reeked of the smouldering ashes of children,
I thought what an angry poem
you would have made of it, given the pity.

But your eye is a telescope
scanning the circuit of stars
for Good-Good and Evil-Absolute,
and, at luncheon, turns fastidiously from fleshy
noses to contemplation of the knife
twisting among the entrails of spaghetti.

So shall I say it is not eminence chills
but the snigger from behind the covers of history,
the sly words and the cold heart
and footprints made with blood upon a continent?

Let your words
tread lightly on this earth of Europe
lest my people’s bones protest

    This poem has twice played an important role of influence on my own writing, once directly, once indirectly. To recount the latter anecdote first, I was once searching for the poem in the anthology of Jewish verse where I had first discovered it, intending to use it for a teaching session on anti-Semitism, and found my eyes drawn to the poem which preceded it in the collection. I scarcely glanced, yet the opening line must have sunk in – albeit a rather trite and unpoetic line of little merit – for it resurfaced of its own accord some years later, misquoted or at least indigently remembered, as the opening line of my own “Elegy on the Death of Moses”. The second anecdote is less obscure; quite simply, I copied out the poem word-for-word in the appendix to “The Flaming Sword”.

    Of Eliot himself I have already spoken in this collection. Litvinoff was born in Whitechapel, in London’s East End, in 1915, and fought in Africa and the Middle East during Hitler’s – or as it must have been, in his case, Mussolini’s War. Each was an outsider in a civilisation he longed to espouse, but which ultimately offered only internal exile. It may appear strange then – and yet it is entirely logical – that Litvinoff should condemn Eliot for the evils of western culture and civilisation, when after all Eliot had not engendered them but merely made the same mistake as Litvinoff, which was to imagine they were worth espousing. Litvinoff clearly digs down into a very deep well of hatred in order to write this poem; and this is good, for poetry should be able to hate effectively too; and as to hatred, poetry is perhaps the least worst way of dealing with it. But there is pleasure in the hating; pleasure also in the rather obvious joke that all his heirs (myself among them) have felt obliged to play, of quoting Eliot back to himself obscurely, of making allusion to his literary allusions, of writings centos in his honour.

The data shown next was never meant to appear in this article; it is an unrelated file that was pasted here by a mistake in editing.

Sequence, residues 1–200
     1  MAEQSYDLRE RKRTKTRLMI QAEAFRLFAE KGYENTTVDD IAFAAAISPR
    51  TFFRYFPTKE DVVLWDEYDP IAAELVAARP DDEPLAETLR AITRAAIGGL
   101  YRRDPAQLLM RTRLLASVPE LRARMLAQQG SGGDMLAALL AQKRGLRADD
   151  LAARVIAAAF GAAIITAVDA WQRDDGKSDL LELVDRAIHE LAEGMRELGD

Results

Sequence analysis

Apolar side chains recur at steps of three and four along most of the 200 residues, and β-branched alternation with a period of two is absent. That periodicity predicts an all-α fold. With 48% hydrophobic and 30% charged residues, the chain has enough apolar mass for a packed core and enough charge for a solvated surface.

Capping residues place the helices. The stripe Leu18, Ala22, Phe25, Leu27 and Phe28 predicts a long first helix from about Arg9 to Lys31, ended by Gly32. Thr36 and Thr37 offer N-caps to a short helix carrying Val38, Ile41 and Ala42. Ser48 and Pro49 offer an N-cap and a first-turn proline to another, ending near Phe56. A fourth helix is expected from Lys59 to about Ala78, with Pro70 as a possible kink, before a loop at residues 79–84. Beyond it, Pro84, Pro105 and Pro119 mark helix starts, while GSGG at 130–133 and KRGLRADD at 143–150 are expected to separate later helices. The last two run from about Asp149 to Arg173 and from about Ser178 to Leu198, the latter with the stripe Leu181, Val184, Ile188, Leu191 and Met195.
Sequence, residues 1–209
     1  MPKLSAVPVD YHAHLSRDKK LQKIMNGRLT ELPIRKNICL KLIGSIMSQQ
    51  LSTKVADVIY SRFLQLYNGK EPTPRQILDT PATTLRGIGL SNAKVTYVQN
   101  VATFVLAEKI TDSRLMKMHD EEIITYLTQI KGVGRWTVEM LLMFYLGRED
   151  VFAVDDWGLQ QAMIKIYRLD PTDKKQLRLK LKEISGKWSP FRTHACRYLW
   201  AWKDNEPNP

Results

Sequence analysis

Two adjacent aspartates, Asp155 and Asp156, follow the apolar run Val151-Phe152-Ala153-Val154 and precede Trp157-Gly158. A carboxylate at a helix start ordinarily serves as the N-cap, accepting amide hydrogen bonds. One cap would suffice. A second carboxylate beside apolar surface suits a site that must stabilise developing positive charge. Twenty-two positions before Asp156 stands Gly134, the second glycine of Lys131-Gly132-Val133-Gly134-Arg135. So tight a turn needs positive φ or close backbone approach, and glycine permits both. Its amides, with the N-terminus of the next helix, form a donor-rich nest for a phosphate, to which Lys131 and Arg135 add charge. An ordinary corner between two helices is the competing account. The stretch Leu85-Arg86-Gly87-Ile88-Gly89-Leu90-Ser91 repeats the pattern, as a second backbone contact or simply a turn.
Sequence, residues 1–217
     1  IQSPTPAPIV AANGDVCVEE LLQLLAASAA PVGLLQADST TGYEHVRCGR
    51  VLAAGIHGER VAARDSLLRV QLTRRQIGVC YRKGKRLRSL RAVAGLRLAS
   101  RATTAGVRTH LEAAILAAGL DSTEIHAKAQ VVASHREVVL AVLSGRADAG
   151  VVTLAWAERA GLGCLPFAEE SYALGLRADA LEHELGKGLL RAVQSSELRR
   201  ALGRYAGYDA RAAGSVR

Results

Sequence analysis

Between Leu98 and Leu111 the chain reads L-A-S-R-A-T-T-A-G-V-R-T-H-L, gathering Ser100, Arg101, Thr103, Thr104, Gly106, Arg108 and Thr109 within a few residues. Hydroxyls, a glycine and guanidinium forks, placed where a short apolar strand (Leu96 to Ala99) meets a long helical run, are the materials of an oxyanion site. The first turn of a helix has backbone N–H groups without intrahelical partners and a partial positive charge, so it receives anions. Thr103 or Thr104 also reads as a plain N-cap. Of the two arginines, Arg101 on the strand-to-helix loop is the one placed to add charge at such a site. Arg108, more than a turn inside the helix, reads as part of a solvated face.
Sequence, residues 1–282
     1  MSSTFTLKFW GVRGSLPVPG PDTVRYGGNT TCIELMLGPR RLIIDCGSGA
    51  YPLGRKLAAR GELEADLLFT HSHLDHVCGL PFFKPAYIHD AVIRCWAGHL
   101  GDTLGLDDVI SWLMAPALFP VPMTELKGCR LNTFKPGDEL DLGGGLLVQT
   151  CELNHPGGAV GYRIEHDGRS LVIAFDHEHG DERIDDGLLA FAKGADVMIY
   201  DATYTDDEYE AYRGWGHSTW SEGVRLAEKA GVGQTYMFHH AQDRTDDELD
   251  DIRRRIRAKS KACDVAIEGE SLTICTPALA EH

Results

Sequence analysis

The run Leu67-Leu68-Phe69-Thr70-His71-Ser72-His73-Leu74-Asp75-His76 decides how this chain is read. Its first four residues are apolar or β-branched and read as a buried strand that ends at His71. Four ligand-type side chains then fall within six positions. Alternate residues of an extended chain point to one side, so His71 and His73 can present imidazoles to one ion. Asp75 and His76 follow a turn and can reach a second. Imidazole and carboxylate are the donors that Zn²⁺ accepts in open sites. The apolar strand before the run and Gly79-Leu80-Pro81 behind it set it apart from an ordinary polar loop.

In the end Litvinoff's is not a poem about T.S. Eliot at all. It is the poem of a Jew scarred by the Holocaust, and looking for somebody to blame. The Nazis had been tried, and if not acquitted then given the necessary clemency of the Marshall Plan. God had declined to be subpoenaed and his earthly representative who might have spoken against the conflagration was already a candidate for sanctification at his morning vigil on the Tiber bridge. What else was there to blame but western civilisation itself, an untenable witness, unless represented by a suitable human eminence, one chosen, whether for his own litotic anti-Semitism, or because he too bore the scar of western culture, and had learned how even such a scar could still bear fruit?

    There might, too, have been a third anecdote, a third poem even, for as every young poet post-Eliot must, I too began my verse-tribute, a stony rubble where the branches could not clutch. It began, as I recall, in parodistic vein:

           If I could take my dinner with the greats,
          a cigar with Bleistein, say, or talking love with Yeats,
          or sit awhile discussing plans and tactics
          with Napoleon in a Petersburg café, or semantics
          with Wordsworth, or share a wafer with St Paul,
          or drink a toast to Spanish wine which Charles de Gaulle…

only it petered out, as the Litvinoff so often comes close to doing, in crude finger-pointing and mere diatribe. Of my notebooks for that poem little survives (and perhaps just as well): references to fear in a handful of dust and the red rock of anti-Semitism (“come out from the shadow of that red rock”); a suggestion that

          we shall engage in commerce with you
          not trading sticks and stones
          but bartering histories for histories
          eyes for eyes
          teeth for teeth
          Pound for Pound.

    Perhaps it was for the best that I abandoned that poem; and likewise, that Litvinoff did not.